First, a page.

Furore, Italy

I like to think I’m an intrepid soul.  I once figured that a fabulous way to see the Amalfi coast in Italy would be to do a walking tour.  I was right.  It’s rather incredible.  In fact, the first real day of walking took us from our hotel in the village of Agerola, up in the hills above the Amalfi coast, down to the tiny hamlet of Furore.

Great, right?  Walking downhill.  How hard can that be?

Well, part of the problem was that there were a couple of thousand stairs and they were of varying depths, but mostly just a bit too deep for my stumpy little legs.  At the time, it felt like every step was jarring my knees.

Luckily, the scenery was gobsmackingly beautiful, so the distraction was very welcome.  And occasionally, we passed people who were climbing all these stairs, and that made us feel better too.  Encountering a family of Americans who had climbed about seven hundred stairs and then discovered they had gone the wrong way was a highlight of the journey.

The beach at Furore

The beach at Furore

But our destination, the fjord below the village of Furore was worth every drop of sweat and every twinge of knee pain.  A tiny inlet, accessible only by foot or by boat, cuts into the coastline.  The Amalfi Coast Drive passes by on a bridge high above (there is apparently a high diving competition from it once a year.  Lunatics!), and the beach is towered over by spectacular hills.  On the beach, you can laze on a deck chair and watch the luxury yachts go by through a tiny opening in the coastline.  We spied Giorgio Armani’s boat heading down to Amalfi (it was hugely beneficial to have a guide who knows all this sort of gossipy stuff).

But the real highlight was the little beachside restaurant.  There, we ate a beautiful, simple pasta dish made with fish that was caught that morning.  The joy was in the freshness, no doubt about it.  And the fact that we washed it down with a couple of well-earned Peronis.  We followed that up with a pear cake that had to be tasted to be believed.  It’s apparently a regional specialty and it was at that point that I knew I was REALLY going to like this place.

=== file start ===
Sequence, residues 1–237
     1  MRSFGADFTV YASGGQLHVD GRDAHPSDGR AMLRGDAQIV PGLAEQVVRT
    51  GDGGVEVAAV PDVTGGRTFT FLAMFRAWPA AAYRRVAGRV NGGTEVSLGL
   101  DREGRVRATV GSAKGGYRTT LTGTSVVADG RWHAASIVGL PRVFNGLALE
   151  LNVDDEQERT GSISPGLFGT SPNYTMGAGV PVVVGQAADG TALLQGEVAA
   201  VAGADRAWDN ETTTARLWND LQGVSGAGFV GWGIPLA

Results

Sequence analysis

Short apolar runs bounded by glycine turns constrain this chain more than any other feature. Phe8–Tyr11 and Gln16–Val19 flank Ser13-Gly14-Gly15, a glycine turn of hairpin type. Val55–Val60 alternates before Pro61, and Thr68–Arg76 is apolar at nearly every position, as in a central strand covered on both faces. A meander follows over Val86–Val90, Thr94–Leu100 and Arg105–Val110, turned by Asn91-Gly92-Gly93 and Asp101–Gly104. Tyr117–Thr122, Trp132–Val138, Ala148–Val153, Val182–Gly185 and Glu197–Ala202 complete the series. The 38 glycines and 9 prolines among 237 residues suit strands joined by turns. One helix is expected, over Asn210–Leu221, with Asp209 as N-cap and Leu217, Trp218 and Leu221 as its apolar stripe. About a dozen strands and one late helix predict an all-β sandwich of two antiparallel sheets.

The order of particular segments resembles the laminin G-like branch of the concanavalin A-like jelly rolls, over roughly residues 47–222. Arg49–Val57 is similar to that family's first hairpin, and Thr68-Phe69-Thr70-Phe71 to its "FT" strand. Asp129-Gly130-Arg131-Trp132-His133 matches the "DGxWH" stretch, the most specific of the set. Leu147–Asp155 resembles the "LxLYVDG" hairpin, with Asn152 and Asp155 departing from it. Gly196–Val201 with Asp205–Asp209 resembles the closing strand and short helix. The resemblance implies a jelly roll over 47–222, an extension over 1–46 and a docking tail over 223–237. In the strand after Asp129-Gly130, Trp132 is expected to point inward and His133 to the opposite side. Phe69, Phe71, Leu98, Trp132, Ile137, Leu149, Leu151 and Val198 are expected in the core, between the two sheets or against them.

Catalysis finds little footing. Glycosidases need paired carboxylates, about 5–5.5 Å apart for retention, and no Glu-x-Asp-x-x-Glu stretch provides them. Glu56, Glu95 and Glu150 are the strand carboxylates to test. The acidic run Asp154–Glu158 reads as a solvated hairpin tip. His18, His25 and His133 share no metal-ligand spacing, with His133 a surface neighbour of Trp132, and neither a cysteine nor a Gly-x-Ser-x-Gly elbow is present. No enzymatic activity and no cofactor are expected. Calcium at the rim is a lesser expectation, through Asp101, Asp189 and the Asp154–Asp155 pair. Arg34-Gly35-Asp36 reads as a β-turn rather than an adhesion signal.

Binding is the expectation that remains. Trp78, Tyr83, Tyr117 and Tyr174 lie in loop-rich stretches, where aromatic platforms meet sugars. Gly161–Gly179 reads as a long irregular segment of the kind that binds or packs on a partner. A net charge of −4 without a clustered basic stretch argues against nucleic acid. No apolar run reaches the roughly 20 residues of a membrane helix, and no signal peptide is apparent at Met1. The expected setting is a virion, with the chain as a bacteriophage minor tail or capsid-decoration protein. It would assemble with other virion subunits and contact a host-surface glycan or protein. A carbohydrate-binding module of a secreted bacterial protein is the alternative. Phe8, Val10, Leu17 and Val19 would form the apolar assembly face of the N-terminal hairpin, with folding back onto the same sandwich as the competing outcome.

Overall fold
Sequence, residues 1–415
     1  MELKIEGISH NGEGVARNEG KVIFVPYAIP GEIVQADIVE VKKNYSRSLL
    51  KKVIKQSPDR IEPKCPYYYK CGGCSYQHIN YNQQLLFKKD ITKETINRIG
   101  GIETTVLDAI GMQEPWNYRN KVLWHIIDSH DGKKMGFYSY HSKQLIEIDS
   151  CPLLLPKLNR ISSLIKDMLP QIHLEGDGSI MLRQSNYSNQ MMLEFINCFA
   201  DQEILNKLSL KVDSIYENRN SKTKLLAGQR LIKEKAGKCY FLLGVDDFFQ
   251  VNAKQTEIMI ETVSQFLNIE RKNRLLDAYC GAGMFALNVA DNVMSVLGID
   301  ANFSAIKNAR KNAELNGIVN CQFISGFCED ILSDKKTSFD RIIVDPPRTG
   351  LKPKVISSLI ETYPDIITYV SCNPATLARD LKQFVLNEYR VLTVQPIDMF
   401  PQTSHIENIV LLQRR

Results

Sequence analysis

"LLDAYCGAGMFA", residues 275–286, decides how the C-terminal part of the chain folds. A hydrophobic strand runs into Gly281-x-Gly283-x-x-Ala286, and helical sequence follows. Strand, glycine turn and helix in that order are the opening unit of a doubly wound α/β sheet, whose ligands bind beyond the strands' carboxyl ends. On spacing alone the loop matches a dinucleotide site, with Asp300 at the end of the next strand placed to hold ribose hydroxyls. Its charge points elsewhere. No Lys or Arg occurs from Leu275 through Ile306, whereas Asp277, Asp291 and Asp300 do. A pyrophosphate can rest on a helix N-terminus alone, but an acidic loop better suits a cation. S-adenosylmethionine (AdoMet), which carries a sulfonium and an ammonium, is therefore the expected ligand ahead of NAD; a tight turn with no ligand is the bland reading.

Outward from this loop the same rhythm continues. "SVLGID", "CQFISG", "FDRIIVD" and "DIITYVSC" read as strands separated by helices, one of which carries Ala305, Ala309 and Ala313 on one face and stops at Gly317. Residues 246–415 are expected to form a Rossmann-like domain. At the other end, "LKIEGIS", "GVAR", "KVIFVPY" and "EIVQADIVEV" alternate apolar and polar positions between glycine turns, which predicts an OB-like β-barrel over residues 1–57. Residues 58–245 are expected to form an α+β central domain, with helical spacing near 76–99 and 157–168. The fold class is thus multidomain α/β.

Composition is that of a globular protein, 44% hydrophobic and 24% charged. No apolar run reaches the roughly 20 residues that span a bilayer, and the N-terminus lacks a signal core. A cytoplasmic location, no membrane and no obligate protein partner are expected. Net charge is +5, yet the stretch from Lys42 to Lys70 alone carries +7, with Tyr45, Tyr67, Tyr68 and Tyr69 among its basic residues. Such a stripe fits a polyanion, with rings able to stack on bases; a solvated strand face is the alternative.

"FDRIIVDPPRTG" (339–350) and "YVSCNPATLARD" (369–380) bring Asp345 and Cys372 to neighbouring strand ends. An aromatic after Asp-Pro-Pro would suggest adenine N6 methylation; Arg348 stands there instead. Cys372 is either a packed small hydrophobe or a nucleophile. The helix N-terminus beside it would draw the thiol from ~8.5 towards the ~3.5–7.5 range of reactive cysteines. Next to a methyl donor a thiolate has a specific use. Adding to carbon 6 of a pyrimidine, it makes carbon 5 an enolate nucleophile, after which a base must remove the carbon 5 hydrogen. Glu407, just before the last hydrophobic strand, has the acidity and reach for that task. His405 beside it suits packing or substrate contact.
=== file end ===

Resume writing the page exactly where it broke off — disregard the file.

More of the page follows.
Eventually, with storm clouds looming, we had to say goodbye to this little slice of heaven and head uphill towards the village of Conca dei Marini.  I was dreading the uphill hike, given the creakiness of my knees on the way down, but it wasn’t too horrific.  In fact, going uphill was considerably easier than going downhill for me.  The trick was just to go slowly and deliberately and rest often.  The heavens opened and we cowered in a bus stop before our guide Ulli arranged transport for us (the public bus was overloaded with folks who had been having a lovely day on the beach in Amalfi until the rain belted down).

The postscript to this gorgeous day in Furore was that the next morning, I couldn’t descend the stairs from my hotel room.  Every single step was exquisitely painful.  My quads and calves were so excruciatingly sore that the only way I could walk down stairs or even down a gentle slope, was to do it backwards.  It took me four days to feel normal again.

But looking at this picture of that pear cake always erases the memory of all that agony:

Pear cake (AKA Heaven on a plate)

Pear cake (AKA Heaven on a plate)


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